Icon Remix

Paul Pfeiffer Sees the Art Historical Vista from the Bates Motel

The same could be said of Pfeiffer's pieces. The smaller erased Monroes here, "24 Landscapes," were taken on Santa Monica Beach during the last photo session before the actress's death in 1962. "They're studies of the human figure through the background," says Pfeiffer. "Each one of those shots was kind of specifically constructed to star the human figure." Indeed, the pictures are quite eerie. Unlike the usual landscapes, they're vertical and they resonate with emptiness. In some, the actress's footprints are visible in the sand.

"One thing that I wrote for myself about this work, the meaning of the Marilyn pictures and the boxing match," says Pfeiffer, "is that if you think of the creative process as a conversation between a creator and his materials, usually in the end the will of the creator is victorious over the raw material. For me, what's interesting about digital media is that the reverse happens. The power of the medium really overwhelms the will of the creator. I feel like we're seeing artistic productions now that are really hard to talk about because they almost defy conventional aesthetic judgement."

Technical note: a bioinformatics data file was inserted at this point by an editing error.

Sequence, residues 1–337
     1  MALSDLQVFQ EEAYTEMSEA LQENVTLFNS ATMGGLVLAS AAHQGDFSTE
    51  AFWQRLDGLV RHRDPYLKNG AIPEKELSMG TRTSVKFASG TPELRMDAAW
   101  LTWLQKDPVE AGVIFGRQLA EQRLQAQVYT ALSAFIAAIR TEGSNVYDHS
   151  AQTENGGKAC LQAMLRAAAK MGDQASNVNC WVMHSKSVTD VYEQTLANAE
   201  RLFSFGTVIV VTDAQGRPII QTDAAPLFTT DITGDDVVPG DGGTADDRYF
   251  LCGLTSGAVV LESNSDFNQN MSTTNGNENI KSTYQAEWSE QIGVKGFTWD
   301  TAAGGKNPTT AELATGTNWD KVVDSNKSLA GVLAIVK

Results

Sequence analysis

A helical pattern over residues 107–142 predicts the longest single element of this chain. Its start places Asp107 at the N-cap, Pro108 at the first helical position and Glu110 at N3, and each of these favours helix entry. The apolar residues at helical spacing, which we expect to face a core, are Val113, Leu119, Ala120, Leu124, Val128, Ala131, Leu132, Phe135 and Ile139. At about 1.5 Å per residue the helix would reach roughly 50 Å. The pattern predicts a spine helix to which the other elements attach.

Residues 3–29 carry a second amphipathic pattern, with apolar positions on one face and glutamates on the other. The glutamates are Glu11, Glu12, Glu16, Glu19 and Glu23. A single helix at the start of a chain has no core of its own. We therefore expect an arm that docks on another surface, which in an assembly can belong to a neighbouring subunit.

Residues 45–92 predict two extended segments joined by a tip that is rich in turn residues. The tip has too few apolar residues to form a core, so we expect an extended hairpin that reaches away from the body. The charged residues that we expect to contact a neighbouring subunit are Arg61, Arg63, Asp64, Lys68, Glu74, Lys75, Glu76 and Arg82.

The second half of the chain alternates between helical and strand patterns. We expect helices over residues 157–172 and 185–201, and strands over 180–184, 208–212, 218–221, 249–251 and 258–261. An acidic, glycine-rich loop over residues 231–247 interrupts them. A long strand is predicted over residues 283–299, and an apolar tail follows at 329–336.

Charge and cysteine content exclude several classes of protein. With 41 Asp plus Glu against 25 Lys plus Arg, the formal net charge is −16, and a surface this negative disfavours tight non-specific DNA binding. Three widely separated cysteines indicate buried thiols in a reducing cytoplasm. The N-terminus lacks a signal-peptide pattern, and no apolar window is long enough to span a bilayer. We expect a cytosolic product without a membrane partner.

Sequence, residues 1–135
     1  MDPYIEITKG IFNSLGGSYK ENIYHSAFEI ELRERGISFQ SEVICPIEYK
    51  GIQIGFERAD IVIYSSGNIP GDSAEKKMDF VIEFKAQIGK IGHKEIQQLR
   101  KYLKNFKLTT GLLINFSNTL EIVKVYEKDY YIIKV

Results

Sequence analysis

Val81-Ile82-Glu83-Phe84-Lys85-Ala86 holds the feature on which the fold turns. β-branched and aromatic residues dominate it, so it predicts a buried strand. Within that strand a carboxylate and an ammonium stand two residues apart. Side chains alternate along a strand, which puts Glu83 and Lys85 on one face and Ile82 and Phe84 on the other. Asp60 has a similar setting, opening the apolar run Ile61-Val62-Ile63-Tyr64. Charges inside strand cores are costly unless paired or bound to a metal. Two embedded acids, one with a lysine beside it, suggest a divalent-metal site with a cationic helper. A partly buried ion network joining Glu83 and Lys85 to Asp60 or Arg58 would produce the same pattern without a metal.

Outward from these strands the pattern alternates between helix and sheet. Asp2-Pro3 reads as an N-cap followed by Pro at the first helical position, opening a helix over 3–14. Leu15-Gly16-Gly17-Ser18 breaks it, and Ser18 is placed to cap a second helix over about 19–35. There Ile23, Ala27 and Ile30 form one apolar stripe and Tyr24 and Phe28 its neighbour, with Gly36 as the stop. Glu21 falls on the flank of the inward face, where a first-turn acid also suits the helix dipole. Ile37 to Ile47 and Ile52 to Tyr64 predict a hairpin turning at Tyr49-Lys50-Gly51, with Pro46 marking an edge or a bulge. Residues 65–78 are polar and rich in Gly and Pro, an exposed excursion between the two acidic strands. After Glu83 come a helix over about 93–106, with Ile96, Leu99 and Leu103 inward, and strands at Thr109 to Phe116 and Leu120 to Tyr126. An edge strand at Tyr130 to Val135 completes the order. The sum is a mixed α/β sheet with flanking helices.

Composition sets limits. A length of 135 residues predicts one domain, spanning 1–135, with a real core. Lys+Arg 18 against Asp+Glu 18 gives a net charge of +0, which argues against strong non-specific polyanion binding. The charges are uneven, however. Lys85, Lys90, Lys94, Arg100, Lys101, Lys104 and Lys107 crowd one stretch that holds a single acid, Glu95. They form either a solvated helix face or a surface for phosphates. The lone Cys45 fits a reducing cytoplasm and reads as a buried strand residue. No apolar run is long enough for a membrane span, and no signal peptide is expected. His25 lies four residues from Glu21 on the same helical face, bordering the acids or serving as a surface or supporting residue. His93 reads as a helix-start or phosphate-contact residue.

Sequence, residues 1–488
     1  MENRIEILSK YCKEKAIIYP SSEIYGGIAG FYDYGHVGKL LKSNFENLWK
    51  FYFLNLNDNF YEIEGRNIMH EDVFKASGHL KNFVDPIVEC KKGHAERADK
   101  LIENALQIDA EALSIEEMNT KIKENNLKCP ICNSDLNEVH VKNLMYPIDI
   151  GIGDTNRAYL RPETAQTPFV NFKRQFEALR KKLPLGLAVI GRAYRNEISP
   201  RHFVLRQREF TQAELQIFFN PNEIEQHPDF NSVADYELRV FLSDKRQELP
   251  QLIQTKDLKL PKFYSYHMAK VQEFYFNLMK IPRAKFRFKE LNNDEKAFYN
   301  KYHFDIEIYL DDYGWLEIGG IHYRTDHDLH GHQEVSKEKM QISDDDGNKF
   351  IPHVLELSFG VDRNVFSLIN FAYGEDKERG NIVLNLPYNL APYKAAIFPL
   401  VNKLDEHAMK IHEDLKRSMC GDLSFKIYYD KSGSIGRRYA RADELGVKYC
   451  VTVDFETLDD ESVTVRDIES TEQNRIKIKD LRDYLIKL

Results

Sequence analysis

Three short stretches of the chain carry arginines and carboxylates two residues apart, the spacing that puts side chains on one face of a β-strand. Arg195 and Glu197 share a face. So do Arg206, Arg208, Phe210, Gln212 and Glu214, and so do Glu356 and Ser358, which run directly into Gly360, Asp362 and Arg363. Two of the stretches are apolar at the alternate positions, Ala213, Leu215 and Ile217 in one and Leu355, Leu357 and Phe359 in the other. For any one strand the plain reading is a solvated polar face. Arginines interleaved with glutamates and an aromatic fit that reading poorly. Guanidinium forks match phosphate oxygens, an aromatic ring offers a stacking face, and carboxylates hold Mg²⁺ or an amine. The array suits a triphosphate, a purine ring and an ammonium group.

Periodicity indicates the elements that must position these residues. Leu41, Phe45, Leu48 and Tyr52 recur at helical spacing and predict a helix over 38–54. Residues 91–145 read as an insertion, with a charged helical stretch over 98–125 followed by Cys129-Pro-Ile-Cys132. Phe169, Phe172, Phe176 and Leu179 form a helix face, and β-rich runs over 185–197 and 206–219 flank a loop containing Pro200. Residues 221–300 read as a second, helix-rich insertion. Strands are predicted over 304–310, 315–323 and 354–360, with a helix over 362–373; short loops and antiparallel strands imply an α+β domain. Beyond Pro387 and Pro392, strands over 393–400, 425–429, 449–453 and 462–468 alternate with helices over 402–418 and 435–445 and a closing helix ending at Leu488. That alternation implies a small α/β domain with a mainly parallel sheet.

Early in his career, Pfeiffer's work related to Filipino and gay identity, but he thinks his work since then is "at least as political." He seems to love classical aesthetics and to love breaking them down. "I was purposeful about using the male pronoun for the creator," he says. "There is a sexual and a racial aspect to this idea of the creator being overwhelmed by the raw material."

Pfeiffer re-creates the voyeuristic sequence in Hitchcock's Psycho as a primal scene of modern perception.
photograph by Robin Holland
Pfeiffer re-creates the voyeuristic sequence in Hitchcock's Psycho as a primal scene of modern perception.


Pfeiffer's show runs through January 7 at The Project, 427 W. 126th St.

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